Adjacent galleries at PAAM are given over to a show that includes a smattering of other Motherwell works set among larger works by a group of Provincetown artists who banded together to form the Long Point Gallery, which lasted from 1977 until 1998. If Motherwell was the best known of the group, the others were no slouches.

What is impressive about the show, which was organized by former Long Point Gallery director Mary Ellen Abell, is not just the range of work but its quality of grown-up self-assurance. Among the Long Point artists were Varujan Boghosian, Carmen Cicero, Robert Beauchamp, Sideo Fromboluti, Edward Giobbi, Michael Mazur, Budd Hopkins, Renate Ponsold, Paul Resika, and Judith Rothschild.

If the best works in this particular show are photographs by Ponsold, assemblages by Boghosian, and paintings by Rothschild, Mazur, Cicero, and Fromboluti, such snap judgments seem more than usually beside the point: The show is a salute to what is in actuality a surprisingly rare thing — a genuine and enduring community of artists.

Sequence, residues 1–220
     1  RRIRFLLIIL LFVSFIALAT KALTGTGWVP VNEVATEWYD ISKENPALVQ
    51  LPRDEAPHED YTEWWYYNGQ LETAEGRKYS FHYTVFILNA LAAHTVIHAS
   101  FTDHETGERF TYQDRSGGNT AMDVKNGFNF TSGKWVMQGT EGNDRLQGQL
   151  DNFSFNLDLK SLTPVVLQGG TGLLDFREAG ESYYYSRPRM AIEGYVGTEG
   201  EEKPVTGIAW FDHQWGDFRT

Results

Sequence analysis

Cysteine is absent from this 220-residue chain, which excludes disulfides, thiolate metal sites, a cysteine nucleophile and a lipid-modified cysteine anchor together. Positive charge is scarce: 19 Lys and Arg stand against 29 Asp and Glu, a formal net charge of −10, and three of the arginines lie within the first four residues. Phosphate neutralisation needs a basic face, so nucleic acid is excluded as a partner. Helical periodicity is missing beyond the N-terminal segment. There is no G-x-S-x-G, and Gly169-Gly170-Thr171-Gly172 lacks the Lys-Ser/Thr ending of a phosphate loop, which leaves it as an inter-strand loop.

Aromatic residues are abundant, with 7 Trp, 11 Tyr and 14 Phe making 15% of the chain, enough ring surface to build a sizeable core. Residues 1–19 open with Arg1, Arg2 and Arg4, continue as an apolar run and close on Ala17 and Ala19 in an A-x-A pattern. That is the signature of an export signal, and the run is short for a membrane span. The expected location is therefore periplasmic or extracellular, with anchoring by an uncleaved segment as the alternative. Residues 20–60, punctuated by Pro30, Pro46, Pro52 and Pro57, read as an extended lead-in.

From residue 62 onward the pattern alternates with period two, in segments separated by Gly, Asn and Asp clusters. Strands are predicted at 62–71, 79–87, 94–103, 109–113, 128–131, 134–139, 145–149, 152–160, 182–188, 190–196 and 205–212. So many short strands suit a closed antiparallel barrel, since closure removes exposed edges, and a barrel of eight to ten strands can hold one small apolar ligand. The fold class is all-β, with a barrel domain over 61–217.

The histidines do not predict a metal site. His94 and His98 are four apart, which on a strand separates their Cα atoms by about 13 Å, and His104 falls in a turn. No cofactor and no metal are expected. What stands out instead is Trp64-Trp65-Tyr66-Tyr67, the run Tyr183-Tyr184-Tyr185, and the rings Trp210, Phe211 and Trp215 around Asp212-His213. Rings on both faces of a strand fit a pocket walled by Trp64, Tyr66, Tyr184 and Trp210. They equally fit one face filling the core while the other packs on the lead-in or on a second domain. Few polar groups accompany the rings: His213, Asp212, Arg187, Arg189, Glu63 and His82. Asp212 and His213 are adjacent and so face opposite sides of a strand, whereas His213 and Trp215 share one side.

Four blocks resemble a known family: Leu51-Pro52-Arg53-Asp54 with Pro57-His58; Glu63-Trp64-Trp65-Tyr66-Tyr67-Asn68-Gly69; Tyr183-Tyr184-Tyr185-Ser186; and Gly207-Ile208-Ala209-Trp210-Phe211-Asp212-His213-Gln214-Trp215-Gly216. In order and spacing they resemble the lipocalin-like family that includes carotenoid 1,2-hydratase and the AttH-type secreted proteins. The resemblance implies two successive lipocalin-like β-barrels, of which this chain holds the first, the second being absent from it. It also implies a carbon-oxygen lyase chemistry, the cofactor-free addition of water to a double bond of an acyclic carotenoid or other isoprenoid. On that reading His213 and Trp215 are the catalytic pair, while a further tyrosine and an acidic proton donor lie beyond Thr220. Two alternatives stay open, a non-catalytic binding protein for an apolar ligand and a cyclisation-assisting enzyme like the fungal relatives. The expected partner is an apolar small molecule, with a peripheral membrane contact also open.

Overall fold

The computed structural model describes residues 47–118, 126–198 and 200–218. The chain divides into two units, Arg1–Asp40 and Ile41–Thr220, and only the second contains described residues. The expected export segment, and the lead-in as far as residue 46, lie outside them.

The Motherwell show, by the way, includes a collage called “Blue Guitar” which speaks volumes about his connection with Provincetown and the Long Point artists.

In the summer of 1991, he was too ill to come to stay in Provincetown. But after making “Blue Guitar,” he rang Giobbi to tell him it was “the best collage” he had ever made. (The work uses a fragment of an original score of music composed by Giobbi’s son Chambless, which Giobbi had given to Motherwell specifically in the hope that he would use it.)

Motherwell was determined to get the work to Provincetown to show it at Long Point, and he went with it especially for that purpose. Sadly, he had a heart attack while on the Cape and died in the ambulance on the one-hour drive to the hospital.

“Bob defied his doctor’s orders,” Giobbi told Abell recently. “The only reason he went to Provincetown was to show that work at Long Point.”

ROBERT MOTHERWELL: Beside the Sea

Through Sept. 30

Long Point: An Artists’ Place

Through Sept. 2

At: Provincetown Artists Association and Museum, Provincetown. 508-487-1750, www.paam.org

Sebastian Smee can be reached at ssmee@globe.com.